Heroic: Lumbee news editor rescues crash victims, has near-fatal heart attack

James Locklear is greeted by his wife Mary Locklear in 2016. The photo was a story about James in the Blue Highways Journal. Photo by Jock Lauterer

Vincent Schilling

Officer Smith: 'He didn’t know those people he got out to help. In my eyes, he’s an actual American hero'

When the Lumbee editor of Native Visions Magazine heard what he thought was an explosion on a street intersection in Lumberton, North Carolina, on Dec. 10, he decided to help once he discovered the reason. James Locklear, 52, says he looked upon Fayetteville Road and saw a horrible collision. After assisting drivers out of their vehicles and helping them to safety, he would suffer from a serious heart attack.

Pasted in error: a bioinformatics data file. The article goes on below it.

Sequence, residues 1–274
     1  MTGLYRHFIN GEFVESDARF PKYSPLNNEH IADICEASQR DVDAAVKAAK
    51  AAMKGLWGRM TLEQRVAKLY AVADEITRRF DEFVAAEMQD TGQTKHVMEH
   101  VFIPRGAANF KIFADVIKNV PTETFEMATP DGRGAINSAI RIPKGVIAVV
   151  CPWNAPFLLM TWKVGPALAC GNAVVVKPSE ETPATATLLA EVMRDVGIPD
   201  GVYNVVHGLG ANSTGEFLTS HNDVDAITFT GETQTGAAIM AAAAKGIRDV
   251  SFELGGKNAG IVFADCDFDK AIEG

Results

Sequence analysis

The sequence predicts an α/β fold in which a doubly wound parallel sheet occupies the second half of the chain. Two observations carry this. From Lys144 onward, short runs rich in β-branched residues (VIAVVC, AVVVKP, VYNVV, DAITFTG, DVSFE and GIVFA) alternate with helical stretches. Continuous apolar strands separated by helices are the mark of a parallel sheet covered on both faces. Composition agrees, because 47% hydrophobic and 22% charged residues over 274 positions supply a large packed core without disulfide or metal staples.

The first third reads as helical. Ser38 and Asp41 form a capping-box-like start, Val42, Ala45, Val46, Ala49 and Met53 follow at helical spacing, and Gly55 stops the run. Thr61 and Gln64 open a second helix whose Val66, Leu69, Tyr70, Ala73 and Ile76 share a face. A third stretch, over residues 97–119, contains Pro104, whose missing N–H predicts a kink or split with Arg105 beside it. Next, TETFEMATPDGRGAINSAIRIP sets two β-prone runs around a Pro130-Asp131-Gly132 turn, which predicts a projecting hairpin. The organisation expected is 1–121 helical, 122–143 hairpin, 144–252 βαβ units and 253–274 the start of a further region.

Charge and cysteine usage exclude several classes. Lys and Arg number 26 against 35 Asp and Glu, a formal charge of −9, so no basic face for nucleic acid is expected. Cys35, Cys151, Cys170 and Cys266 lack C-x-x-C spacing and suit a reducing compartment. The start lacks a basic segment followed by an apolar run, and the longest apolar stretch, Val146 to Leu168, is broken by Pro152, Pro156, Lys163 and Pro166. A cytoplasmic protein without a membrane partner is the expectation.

Locklear flatlined on the way to the hospital. In fact, he flatlined three times that day. Once when he first fell to the ground at the scene of the accident, once in the ambulance and once more after arriving at the hospital.

He says his cardiologist that he has since seen that he is lucky to have survived.

Locklear was on his way to the Select Bank and Trust on Dec. 10 at 4:45 p.m., as described by the Fayetteville Observer. He was in a hurry to get to the bank before it closed. As he was about to turn into the bank's parking lot, he heard what he thought was the explosion.

According to a police report in the Fayetteville Observer, 74-year-old Ted Tharp had turned his minivan north on Fayetteville Road and had collided head-on with a Kia van driven by 30-year-old Kendra McNeil.

Locklear says he was frustrated that other motorists had not stopped to help, but instead drove around the accident.

Locklear told the Observer, ″Don’t they realize these people have been in an accident and nobody was going to help them? I got a little bit upset and angry about that.”

He set his car in park and rushed to help the accident victims.